A *context variable* is an object representing a value in the
execution context.  A new context variable is created by calling
the ``new_context_var()`` function.  A context variable object has
two methods:

* ``lookup()``: returns the value of the variable in the current
  execution context;

* ``set()``: sets the value of the variable in the current
  execution context.

Regular Single-threaded Code

In regular, single-threaded code that doesn't involve generators or
coroutines, context variables behave like globals::

    var = new_context_var()

    def sub():
        assert var.lookup() == 'main'

    def main():
        assert var.lookup() == 'sub'

Multithreaded Code

In multithreaded code, context variables behave like thread locals::

    var = new_context_var()

    def sub():
        assert var.lookup() is None  # The execution context is empty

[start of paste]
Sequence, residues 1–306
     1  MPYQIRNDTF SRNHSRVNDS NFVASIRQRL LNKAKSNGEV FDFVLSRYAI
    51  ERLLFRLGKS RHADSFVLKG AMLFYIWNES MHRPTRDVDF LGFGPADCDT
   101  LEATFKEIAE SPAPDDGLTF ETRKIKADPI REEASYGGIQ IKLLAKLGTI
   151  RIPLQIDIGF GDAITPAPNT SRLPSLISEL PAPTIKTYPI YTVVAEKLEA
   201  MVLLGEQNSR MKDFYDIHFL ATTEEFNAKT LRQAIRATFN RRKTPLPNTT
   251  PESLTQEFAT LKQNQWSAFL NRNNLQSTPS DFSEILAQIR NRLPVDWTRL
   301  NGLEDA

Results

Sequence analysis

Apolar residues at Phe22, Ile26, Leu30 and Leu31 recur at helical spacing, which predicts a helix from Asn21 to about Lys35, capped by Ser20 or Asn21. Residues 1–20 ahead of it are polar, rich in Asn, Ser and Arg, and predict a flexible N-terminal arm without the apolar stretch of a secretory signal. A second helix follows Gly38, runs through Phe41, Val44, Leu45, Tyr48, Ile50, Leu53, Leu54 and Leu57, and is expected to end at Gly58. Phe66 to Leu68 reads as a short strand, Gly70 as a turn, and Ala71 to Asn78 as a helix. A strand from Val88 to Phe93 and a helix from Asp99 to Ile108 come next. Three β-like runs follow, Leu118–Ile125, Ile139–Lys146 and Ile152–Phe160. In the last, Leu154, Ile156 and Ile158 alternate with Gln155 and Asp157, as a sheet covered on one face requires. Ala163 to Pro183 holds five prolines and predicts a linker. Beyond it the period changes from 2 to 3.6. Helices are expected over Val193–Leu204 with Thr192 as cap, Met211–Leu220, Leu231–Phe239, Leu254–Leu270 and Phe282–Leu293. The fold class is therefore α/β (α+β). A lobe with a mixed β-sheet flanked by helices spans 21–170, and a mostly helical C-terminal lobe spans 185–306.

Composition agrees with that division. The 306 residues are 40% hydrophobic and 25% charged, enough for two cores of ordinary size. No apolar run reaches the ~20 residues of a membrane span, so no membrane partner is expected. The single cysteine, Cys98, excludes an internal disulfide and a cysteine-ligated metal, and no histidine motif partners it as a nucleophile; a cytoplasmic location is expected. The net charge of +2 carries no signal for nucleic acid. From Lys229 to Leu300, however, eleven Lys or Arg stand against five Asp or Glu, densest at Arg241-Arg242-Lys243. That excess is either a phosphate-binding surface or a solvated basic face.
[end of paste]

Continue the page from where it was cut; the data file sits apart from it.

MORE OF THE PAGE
# for each new thread.

    def main():

        thread = threading.Thread(target=sub)

        assert var.lookup() == 'main'


In generators, changes to context variables are local and are not
visible to the caller, but are visible to the code called by the
generator.  Once set in the generator, the context variable is
guaranteed not to change between iterations::

    var = new_context_var()

    def gen():
        assert var.lookup() == 'gen'
        yield 1

        assert var.lookup() == 'gen'
        yield 2

    def main():

        g = gen()
        assert var.lookup() == 'main'

        var.set('main modified')
        assert var.lookup() == 'main modified'

Changes to caller's context variables are visible to the generator
(unless they were also modified inside the generator)::

    var = new_context_var()